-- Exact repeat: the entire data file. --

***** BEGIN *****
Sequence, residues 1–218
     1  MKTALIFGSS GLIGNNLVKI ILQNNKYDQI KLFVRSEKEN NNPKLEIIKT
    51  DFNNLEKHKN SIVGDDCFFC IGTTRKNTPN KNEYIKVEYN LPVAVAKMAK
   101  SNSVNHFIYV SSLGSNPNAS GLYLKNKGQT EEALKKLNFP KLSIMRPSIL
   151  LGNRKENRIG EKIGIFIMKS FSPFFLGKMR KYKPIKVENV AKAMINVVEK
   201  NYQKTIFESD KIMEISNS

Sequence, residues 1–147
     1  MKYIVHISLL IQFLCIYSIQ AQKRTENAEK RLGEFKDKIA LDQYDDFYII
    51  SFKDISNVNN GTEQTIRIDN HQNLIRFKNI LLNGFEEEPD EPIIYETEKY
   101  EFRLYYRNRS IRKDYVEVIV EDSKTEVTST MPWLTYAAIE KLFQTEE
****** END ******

Sequence, residues 1–218
     1  MKTALIFGSS GLIGNNLVKI ILQNNKYDQI KLFVRSEKEN NNPKLEIIKT
    51  DFNNLEKHKN SIVGDDCFFC IGTTRKNTPN KNEYIKVEYN LPVAVAKMAK
   101  SNSVNHFIYV SSLGSNPNAS GLYLKNKGQT EEALKKLNFP KLSIMRPSIL
   151  LGNRKENRIG EKIGIFIMKS FSPFFLGKMR KYKPIKVENV AKAMINVVEK
   201  NYQKTIFESD KIMEISNS

Sequence, residues 1–147
     1  MKYIVHISLL IQFLCIYSIQ AQKRTENAEK RLGEFKDKIA LDQYDDFYII
    51  SFKDISNVNN GTEQTIRIDN HQNLIRFKNI LLNGFEEEPD EPIIYETEKY
   101  EFRLYYRNRS IRKDYVEVIV EDSKTEVTST MPWLTYAAIE KLFQTEE